"Through the years I've seen him progressively do bigger and better things," said Warren Welch, who has known Rockett for more than a quarter of a century. There's not a set you can name that he hasn't done, from a back alley to an Italian modern apartment."
Rockett has faced some challenges.
In 1967 the producer of "Planet of the Apes" told him, "I don't want to see anything in this picture that's ever been seen on this Earth."
Enough plastic foam got used in that film to keep the set afloat. "Foam guns hadn't been used very extensively then, so we concocted things with wire and foam" to create foreign shapes, recalled Rockett, who said practically everything in the picture--even the walls--got sprayed with a foam gun.
As set decorator for "Tora, Tora, Tora," the 1970 film that replicated parts of Pearl Harbor, Rockett said he experienced "moments that were very emotional to me" because he had arrived at the Hawaiian naval base less than a month after the Japanese devastated it.
"We rebuilt almost the whole of the Arizona on a barge, and then 'bombed' it. I relived the whole thing," the set decorator said.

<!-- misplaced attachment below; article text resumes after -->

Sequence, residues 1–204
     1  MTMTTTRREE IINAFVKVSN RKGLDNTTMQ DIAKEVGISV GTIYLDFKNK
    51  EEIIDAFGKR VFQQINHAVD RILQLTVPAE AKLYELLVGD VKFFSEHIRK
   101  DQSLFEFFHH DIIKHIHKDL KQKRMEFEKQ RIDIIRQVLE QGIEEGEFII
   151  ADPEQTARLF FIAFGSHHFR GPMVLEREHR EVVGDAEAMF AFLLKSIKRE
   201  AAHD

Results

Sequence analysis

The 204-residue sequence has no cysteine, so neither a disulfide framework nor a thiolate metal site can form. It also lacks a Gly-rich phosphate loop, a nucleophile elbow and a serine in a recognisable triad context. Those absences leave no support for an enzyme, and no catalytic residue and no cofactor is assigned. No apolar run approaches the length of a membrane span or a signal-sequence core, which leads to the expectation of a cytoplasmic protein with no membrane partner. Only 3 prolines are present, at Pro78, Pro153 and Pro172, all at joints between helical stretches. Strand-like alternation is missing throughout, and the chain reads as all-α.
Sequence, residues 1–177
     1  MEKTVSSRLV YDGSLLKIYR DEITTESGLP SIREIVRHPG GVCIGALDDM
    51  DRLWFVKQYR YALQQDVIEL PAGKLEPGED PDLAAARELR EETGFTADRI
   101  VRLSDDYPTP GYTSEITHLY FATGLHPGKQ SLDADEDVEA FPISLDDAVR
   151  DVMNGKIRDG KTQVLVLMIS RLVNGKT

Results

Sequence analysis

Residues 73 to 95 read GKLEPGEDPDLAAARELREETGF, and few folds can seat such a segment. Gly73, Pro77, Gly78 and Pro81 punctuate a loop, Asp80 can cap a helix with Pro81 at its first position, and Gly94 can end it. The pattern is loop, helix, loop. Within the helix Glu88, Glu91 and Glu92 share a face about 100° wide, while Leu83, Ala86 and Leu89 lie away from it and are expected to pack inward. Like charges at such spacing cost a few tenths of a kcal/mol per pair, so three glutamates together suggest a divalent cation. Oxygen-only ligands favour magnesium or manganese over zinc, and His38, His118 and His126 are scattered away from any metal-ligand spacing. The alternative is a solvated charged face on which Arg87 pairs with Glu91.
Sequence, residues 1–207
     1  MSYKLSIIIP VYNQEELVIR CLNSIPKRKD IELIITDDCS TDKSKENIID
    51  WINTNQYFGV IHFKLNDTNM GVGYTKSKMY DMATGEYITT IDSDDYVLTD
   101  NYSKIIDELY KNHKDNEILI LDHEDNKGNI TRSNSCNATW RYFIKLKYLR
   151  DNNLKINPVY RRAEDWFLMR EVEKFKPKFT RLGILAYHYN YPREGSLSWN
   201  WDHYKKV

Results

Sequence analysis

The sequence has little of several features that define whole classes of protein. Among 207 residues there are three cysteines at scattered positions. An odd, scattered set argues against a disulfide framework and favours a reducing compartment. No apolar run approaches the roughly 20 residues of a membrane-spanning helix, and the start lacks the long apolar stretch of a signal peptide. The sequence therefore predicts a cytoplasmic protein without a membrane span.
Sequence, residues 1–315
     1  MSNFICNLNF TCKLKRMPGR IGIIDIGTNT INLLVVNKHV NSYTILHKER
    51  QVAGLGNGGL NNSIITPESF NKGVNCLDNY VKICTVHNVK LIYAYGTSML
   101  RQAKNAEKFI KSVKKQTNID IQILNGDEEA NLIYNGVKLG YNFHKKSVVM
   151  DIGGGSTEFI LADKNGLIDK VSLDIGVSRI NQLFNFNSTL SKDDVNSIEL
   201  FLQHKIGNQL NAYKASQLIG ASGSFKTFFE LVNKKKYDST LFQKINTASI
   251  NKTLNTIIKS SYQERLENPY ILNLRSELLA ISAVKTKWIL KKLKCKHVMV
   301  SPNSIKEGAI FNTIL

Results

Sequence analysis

The sets won Rockett an Oscar nomination, as had his work five years earlier on "The Greatest Story Ever Told."
After more than 30 years at 20th Century Fox, Rockett retired.
Retirement lasted about two months. It ended with a call from John Mansbridge, then supervising art director at Walt Disney Studios.
When Mansbridge heard Rockett had retired, "I couldn't grab the phone fast enough," he said recently. "When he analyzes a script he interprets the personalities of the people who are supposed to be in the show. They are things that you see in a set that reflect the characters' personalities. And these are the things that I love about how Norman approaches a show."
After nine years with Disney, decorating sets ranging from "Max Devlin and the Devil" to "Splash," Disney ran out of projects for Rockett.
He enjoyed a forced "retirement," relaxing with his wife of 40 years, Audrene, a retired choreographer, spending time with his daughter Susan, an executive at Reg Grundy Productions Inc., and puttering around his comfortable home in Sherman Oaks.
Then, a couple of months after he had left Disney, he got a phone call from Welch, the MTM Inc. director of production services. "We need a set decorator for 'St. Elsewhere.' Are you interested?" Welch asked.
Rockett went to work again that day, and he's still at it.